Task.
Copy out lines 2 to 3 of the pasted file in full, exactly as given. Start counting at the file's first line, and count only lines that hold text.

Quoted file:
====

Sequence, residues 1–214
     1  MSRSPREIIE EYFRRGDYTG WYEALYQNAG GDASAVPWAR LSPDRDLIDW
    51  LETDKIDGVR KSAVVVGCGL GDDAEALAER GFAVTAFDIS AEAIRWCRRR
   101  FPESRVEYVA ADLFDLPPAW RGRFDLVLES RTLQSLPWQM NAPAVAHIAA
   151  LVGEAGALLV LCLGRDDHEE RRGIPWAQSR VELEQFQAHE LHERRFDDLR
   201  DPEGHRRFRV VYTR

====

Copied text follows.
     1  MSRSPREIIE EYFRRGDYTG WYEALYQNAG GDASAVPWAR LSPDRDLIDW
    51  LETDKIDGVR KSAVVVGCGL GDDAEALAER GFAVTAFDIS AEAIRWCRRR